NEW MASK/VAX POLICY! All patrons over 12 years of age at films or live performances at The Smith scheduled through Mar. 31, 2022 are required to wear a mask AND show proof of vaccination status or proof of a negative COVID test (within 72 hours)*. Children 12 years old or younger are required to wear a mask. Depending on the nature of the show, patrons may be allowed to remove their mask once seated in the theatre. Policies are subject to change at any time without notice; however, we will make every effort to contact ticketholders to alert them of changes to this policy. *We strongly recommend the use of the New York State Excelsior Pass Wallet app available from your app store. This app shows vaccine data and test results and will make admission to The Smith go smoothly.

The Smith Blog

SMITH HISTORY BLOG: Faces of The Smith

At the Smith Opera House entrance, you are greeted by Edwin Booth, upper left, and William Shakespeare, upper right.

By Gretty Hollister

Over the years, thousands upon thousands — maybe even into the millions — of people have walked through, seen a show, and shared a laugh at the Smith Opera House. Their faces have been lit up by the Art Deco fixtures in the lobby and balcony, and their laughs have rung out throughout the auditorium. But, after the theatre goes dark and the doors get locked, some faces still remain. Four important ones, to be exact. Though, three if you want to get really technical.You see, there are faces all over the Smith, waiting to welcome you to an experience unlike any other. Right above the front doors as you walk in, Edwin Booth and William Shakespeare look down in their restored state, the way they would have looked 125 years ago. We all know and love Shakespeare as the Elizabethan playwright who gave us such theatrical icons as Romeo and Juliet, Hamlet, and Othello. Back in 1894, Shakespeare was seen as the epitome of theatre. So, it would only make sense that his partner on the archway would be the actor that in 1894 epitomized his roles. Edwin Booth was a famous Shakespearean actor in the second half of the 19th century. (He was also the brother of President Lincoln’s assassin, John Wilkes Booth.) Edwin Booth was most well known for playing Hamlet. He even opened his own theatre in New York City. He passed away in 1893, however. So, while it is currently unknown exactly why Booth’s bust graces the entrance, it is thought that because he was a paragon of acting, it was done so as a testament to him and his legacy.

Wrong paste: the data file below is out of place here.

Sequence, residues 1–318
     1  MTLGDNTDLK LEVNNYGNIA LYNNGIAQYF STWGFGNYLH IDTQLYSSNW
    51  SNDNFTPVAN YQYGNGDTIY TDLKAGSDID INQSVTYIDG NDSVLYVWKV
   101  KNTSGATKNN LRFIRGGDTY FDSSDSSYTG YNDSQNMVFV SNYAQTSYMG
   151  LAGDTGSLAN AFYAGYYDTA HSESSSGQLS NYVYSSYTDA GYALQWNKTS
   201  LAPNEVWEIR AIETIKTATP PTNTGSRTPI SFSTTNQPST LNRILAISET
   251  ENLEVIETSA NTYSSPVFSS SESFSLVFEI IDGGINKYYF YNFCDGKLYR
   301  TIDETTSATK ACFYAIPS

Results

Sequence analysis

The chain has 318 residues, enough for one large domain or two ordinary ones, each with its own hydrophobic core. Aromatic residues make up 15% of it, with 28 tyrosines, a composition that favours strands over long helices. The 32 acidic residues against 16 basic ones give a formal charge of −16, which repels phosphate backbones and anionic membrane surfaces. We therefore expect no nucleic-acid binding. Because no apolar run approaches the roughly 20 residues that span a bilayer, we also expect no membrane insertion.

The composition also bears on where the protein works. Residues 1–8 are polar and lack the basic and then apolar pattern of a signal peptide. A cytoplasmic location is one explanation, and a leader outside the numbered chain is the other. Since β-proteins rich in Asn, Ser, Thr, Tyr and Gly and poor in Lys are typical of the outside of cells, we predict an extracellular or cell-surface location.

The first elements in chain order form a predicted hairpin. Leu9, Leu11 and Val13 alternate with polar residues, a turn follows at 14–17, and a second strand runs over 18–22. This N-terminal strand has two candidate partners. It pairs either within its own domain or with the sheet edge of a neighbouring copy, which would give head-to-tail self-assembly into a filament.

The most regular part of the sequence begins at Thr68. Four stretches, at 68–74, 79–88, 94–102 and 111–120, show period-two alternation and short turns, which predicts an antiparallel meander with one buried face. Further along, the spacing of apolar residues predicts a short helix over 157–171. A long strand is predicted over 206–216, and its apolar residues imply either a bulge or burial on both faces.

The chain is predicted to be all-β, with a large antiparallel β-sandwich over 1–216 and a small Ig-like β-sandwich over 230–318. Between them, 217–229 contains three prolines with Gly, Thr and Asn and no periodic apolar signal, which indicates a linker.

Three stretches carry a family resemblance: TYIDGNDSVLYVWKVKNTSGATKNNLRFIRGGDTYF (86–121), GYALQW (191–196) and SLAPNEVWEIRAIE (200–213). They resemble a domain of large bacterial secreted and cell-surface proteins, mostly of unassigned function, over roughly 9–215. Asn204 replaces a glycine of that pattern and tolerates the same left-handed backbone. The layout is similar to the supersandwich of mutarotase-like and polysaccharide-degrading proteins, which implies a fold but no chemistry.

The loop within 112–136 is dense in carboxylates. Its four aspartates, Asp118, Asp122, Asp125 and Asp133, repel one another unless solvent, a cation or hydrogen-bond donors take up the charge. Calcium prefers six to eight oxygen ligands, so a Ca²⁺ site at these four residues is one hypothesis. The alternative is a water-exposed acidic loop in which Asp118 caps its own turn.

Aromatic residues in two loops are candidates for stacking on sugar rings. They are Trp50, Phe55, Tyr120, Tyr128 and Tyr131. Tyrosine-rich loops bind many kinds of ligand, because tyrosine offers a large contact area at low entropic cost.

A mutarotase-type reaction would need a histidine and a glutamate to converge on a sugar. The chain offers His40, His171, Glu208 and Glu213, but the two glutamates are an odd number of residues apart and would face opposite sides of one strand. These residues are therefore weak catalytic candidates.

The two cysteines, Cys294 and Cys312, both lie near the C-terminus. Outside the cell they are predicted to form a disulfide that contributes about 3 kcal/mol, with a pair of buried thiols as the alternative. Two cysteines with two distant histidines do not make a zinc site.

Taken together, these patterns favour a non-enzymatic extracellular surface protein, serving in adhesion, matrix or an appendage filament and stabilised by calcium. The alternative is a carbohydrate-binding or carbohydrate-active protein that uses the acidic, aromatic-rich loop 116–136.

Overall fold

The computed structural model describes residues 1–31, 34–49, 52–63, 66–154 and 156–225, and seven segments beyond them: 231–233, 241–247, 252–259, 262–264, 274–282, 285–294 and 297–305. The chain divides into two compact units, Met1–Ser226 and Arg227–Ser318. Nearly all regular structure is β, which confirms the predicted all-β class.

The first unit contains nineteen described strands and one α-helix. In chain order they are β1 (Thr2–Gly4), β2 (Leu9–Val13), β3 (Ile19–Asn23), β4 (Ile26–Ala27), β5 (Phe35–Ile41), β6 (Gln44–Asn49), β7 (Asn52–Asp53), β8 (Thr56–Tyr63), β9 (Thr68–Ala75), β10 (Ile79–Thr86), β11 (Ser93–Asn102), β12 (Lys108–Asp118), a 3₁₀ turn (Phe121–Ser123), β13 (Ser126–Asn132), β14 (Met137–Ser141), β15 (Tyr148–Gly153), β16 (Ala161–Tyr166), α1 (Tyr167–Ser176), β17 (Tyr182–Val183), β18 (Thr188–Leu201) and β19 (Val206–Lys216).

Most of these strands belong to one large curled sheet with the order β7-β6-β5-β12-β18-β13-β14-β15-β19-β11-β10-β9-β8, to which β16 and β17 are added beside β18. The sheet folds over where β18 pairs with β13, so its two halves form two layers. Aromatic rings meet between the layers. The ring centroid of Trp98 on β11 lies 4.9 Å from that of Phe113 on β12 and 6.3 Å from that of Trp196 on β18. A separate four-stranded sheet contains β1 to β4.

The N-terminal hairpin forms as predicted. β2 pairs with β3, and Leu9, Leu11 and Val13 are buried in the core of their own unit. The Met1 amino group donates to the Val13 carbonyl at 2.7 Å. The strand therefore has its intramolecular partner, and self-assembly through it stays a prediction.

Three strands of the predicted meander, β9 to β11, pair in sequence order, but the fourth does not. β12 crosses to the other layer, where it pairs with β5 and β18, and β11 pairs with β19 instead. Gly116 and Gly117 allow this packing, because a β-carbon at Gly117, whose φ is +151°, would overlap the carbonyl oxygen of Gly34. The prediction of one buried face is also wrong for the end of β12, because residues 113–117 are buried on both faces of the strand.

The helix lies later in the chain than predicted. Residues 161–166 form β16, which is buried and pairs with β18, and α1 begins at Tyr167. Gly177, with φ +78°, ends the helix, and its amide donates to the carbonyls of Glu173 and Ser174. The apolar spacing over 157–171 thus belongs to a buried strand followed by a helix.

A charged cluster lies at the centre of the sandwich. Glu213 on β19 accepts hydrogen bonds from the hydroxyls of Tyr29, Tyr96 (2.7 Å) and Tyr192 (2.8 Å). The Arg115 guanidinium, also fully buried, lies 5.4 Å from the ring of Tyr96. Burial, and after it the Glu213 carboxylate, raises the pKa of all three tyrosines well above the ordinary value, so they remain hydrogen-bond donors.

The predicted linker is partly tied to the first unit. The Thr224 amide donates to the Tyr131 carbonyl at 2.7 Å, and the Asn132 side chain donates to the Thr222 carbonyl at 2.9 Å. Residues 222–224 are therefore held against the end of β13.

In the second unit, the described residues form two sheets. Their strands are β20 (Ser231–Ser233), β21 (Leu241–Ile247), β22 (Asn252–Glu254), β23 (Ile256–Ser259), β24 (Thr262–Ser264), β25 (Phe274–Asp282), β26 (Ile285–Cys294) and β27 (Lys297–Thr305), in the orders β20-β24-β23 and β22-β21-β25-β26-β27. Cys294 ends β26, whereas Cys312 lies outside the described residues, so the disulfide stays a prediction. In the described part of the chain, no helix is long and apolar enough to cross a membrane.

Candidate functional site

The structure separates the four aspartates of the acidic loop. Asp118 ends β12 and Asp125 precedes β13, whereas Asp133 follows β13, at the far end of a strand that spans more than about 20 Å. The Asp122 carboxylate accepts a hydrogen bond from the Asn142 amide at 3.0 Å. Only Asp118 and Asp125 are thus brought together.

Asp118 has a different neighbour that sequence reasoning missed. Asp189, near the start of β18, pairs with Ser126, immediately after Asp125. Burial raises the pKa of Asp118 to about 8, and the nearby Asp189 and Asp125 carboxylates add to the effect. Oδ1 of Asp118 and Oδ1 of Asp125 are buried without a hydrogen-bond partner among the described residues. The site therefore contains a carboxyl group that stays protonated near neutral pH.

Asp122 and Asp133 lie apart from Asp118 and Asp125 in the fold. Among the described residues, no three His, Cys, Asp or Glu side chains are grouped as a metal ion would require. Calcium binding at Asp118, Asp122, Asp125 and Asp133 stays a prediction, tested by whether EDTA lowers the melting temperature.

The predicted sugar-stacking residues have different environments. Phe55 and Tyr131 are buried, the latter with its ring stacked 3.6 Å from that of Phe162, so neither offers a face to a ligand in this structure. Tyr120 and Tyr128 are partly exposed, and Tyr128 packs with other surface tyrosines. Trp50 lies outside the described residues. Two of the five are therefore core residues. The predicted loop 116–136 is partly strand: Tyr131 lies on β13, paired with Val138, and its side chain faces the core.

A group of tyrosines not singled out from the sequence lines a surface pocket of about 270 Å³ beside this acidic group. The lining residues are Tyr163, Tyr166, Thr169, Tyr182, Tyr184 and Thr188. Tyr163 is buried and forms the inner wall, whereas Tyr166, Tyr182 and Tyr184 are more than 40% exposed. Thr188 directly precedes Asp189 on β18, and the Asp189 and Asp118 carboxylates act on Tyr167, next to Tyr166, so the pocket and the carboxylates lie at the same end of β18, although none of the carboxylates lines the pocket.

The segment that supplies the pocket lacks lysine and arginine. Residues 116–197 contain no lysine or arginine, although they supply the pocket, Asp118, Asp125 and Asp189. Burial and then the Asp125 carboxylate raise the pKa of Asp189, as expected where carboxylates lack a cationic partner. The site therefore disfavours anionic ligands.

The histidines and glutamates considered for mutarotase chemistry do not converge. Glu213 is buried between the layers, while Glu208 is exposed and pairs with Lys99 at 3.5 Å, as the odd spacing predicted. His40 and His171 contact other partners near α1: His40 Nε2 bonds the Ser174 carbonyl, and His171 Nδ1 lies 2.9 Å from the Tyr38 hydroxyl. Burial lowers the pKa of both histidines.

But, there are faces in the Smith, too. If you’ve ever sat in the auditorium, it’s impossible not to notice the gorgeous cartouches gracing either side of the stage. At the top, six more faces watch and keep an eye on the audience. On the left is another Shakespeare. Maybe the architect felt bad that a marquee was going to obscure the original Shakespeare bust and wanted to make sure that the playwright was still visible. Across the way, on the right cartouche, Molière, the 17th-century French playwright peers down over the auditorium. Known for his satirical and  political comedies criminalizing the bourgeoisie, Molière is one of the most famous French playwrights of all time. Maybe it the architect’s testament to what used to be in the theatre before
its renovation into a movie palace. Or, maybe, having Molière and Shakespeare in a theatre was thought to be good luck.
Regardless of why they’re there, the next time you go to see something at the Smith, make sure to say hi to the faces, who are there to enjoy the show, too.